The important part of this new wisdom means acknowledging that the “understanding” portion of science, where narratives are supplied to explain what it is that scientists qua humans think about what it is that data might be saying and the structure of Nature. In the minds of practicing scientists, it means an immense downgrade in status of what the sciences do. In reality, as reflect by my opinion, I think it is a massive upgrade for science, being that the truth supplied by Duhem indicates that manipulative knowledge of the world tells us nothing, as it understands nothing. Human judgment and story-telling are required to attempt making sense of data. The fact that scientific theory entails positing semi-ontological entities means that we’ve moved away from the world of sensuous experience, and are grasping at making of sense of the world through things that may or may not be there. Much of science today should be viewed in the way it has been in those “centuries” prior that George Ellis and Joe Silk referred to, i.e., as a creative story-telling endeavor, where we employ empirically inspired thought, speculative reason, deductive arguments, inductive arguments, and, other creative interpretations —though I view all interpretations as created “creatively” ex nihilo, and so the redundancy is for emphasis only.
What this means for the scientist interested in furnishing dogmatic disciplines (e.g., pharmacology, medicine, engineering, etc.) with further capacities (technological prowess, we’ll say), there is no stock placed in whether an understanding can be constructed on the basis of what pragmatic truths they are able to conjure. No such investment is needed. Regardless of the story behind the substance that explains what insulin does, it generally does something —it makes a truth happen, and that is its cash-value. Going beyond that, going into story-telling about the world, and creating a narrative about how the world works —that’s philosophy. The further one enters into such narrative construction, the further one moves into the realm of philosophy. View science in these terms is what needs to happen, in order for science to regain its healthy psychological complexion, and, until it does, Ellis and others are going to have to continually deal with scientists who are trying to do metaphysics within the domain of science. And that’s precisely why I get the questions that I do. It is abundantly clear to the reader of popular-culture physics books that what scientists are doing is more like mythology, in some cases, philosophy in others, sometimes both.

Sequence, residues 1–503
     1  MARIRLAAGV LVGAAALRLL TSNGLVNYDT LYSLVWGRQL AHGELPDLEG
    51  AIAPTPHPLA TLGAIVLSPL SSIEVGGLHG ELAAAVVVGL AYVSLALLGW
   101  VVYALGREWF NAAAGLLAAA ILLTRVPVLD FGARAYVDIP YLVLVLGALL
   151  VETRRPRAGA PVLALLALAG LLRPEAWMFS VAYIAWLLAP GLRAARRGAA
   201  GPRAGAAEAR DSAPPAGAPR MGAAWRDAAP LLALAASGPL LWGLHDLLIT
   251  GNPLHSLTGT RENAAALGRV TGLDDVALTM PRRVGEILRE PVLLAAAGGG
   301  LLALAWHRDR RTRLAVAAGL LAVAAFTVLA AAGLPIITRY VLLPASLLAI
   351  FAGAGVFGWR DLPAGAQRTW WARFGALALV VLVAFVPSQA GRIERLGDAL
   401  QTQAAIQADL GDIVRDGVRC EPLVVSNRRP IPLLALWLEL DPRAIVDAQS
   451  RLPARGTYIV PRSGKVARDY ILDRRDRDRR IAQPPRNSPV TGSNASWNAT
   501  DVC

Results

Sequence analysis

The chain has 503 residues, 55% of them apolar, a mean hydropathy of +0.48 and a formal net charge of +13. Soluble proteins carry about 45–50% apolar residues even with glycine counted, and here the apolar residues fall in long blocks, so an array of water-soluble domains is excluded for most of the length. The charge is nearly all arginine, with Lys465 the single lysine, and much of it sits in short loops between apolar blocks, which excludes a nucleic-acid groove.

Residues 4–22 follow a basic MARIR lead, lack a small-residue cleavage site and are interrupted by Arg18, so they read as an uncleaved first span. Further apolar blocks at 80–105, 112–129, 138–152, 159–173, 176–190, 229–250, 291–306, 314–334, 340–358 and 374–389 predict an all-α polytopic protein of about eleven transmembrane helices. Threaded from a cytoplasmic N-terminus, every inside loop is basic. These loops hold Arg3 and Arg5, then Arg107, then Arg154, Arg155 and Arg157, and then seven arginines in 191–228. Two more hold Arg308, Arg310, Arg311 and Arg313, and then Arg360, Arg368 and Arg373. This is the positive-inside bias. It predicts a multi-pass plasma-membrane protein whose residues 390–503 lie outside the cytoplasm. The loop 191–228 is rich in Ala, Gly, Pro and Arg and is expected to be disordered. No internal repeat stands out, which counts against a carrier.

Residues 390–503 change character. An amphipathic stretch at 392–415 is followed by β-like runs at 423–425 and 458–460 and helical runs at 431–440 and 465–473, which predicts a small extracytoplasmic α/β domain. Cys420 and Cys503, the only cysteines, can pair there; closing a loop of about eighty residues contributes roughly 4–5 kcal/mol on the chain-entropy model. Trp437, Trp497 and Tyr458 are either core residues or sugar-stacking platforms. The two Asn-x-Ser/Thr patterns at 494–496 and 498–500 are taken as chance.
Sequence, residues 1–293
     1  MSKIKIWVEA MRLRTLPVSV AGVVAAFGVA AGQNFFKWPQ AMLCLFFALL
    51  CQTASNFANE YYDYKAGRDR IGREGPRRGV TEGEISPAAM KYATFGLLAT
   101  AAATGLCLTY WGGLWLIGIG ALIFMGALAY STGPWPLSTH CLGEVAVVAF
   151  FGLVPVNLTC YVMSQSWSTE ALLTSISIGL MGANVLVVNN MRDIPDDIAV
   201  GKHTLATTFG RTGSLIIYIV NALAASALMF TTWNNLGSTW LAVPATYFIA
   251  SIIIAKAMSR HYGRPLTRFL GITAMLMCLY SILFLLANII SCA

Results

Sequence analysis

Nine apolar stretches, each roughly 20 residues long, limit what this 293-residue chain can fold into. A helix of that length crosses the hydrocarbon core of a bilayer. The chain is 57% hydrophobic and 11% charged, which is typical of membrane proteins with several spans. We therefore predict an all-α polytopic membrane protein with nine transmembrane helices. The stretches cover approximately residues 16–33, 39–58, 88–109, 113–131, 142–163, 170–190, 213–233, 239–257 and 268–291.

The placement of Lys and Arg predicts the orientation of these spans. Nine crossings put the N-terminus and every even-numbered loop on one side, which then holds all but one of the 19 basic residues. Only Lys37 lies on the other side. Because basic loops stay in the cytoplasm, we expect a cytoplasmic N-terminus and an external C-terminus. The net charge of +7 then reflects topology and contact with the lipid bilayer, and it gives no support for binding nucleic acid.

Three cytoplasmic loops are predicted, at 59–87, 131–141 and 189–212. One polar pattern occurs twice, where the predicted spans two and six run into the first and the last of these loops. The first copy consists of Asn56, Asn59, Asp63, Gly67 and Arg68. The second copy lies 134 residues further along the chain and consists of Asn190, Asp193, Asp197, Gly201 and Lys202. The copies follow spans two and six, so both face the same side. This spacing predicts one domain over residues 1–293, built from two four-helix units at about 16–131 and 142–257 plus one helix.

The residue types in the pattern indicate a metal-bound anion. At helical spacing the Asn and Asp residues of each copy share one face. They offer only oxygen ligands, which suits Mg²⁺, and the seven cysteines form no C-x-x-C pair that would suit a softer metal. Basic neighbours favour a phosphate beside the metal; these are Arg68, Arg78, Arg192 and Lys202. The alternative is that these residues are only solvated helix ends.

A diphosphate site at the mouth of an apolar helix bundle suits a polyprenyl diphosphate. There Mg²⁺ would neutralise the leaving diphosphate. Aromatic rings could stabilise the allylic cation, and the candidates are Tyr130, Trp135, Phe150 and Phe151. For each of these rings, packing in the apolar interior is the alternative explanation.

When it comes to metaphysics, we are talking about a great many things, but we certainly aren’t talking about the practice of science. Metaphysics is a multifaceted word that etymologically means after physics (physis in Greek means Nature), or beyond physics, or, stretched a bit, undergirding physics. When I teach my undergraduate courses, I give a collage of depictions, not a strict definition, and these depiction include a contrast with ontology (particular entities of the immediate world, such as gravity qua law, whereas metaphysics is general and more abstract, as in the proposition that the world is governed by laws); it includes the remark that metaphysics is the speculative realm of the study of existence; it includes the consideration that metaphysics deals with establishing an understanding of the conditions that would make existence on the ontological level possible; and it is the regime in which limited circumstantial positive knowledge is possible, but nothing more. These are reflected in thoughts by St. Thomas Aquinas who, in his Summa Theologica, said that the metaphysical realm is the realm of religion. When it comes to complete underdetermination of claims, as admitted by the physicists arguing about the many worlds interpretation and string theory, it must be acknowledge that the spirit of pragmatic science has left the room. None of this is to say that physicists should not do this, but it is to say that they should admit what they are doing: philosophy of physics. Moreover, they need to also admit the kinds of truth criteria differ from that of pragmatic science. In particular, within pragmatic science, truth happens, whereas it certainly does not in the non-pragmatic, philosophical variety of science. To be clear, the value in this latter variety of science is that it can help induce new truths to happen within the pragmatic domain of science. As any historian of physics knows, the sudden interest in biology taken by physicists in the question of life and material transmission of heritable information lead to a period of speculative philosophy of science (see Max Delbrück’s involvement in genetics and Schrӧdinger’s inquiry into the question of what biological life is) illustrates this nicely.
To conclude, I think scientists need to be clear on what the nature of their scientific activity is, and the objective of interest-dependence, as Bas van Fraasen would put it, determines the nature of that scientific activity. Dragging metaphysics into science has only every result in new scientific methodologies in cases where the questions became precise enough; it has not, of its own ability, ever made truth happen —and that’s the only definition of truth that has ever really worked in producing technologies (i.e., the substance of scientific progress), that truth is what happens.